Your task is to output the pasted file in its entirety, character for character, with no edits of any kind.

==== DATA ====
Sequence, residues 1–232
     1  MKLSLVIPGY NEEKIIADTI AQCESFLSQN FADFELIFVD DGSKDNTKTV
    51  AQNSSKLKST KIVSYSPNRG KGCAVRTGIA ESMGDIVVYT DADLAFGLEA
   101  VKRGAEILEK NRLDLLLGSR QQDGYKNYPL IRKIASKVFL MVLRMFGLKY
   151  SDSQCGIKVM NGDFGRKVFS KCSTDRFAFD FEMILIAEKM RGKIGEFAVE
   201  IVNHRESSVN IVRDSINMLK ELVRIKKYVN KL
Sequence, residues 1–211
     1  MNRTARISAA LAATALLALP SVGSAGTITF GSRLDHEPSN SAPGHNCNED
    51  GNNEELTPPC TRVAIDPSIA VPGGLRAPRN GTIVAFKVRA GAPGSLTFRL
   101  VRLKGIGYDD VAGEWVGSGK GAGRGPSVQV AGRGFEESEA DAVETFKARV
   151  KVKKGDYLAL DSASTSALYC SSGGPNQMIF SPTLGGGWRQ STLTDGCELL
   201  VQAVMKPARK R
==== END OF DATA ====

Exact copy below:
Sequence, residues 1–232
     1  MKLSLVIPGY NEEKIIADTI AQCESFLSQN FADFELIFVD DGSKDNTKTV
    51  AQNSSKLKST KIVSYSPNRG KGCAVRTGIA ESMGDIVVYT DADLAFGLEA
   101  VKRGAEILEK NRLDLLLGSR QQDGYKNYPL IRKIASKVFL MVLRMFGLKY
   151  SDSQCGIKVM NGDFGRKVFS KCSTDRFAFD FEMILIAEKM RGKIGEFAVE
   201  IVNHRESSVN IVRDSINMLK ELVRIKKYVN KL
Sequence, residues 1–211
     1  MNRTARISAA LAATALLALP SVGSAGTITF GSRLDHEPSN SAPGHNCNED
    51  GNNEELTPPC TRVAIDPSIA VPGGLRAPRN GTIVAFKVRA GAPGSLTFRL
   101  VRLKGIGYDD VAGEWVGSGK GAGRGPSVQV AGRGFEESEA DAVETFKARV
   151  KVKKGDYLAL DSASTSALYC SSGGPNQMIF SPTLGGGWRQ STLTDGCELL
   201  VQAVMKPARK R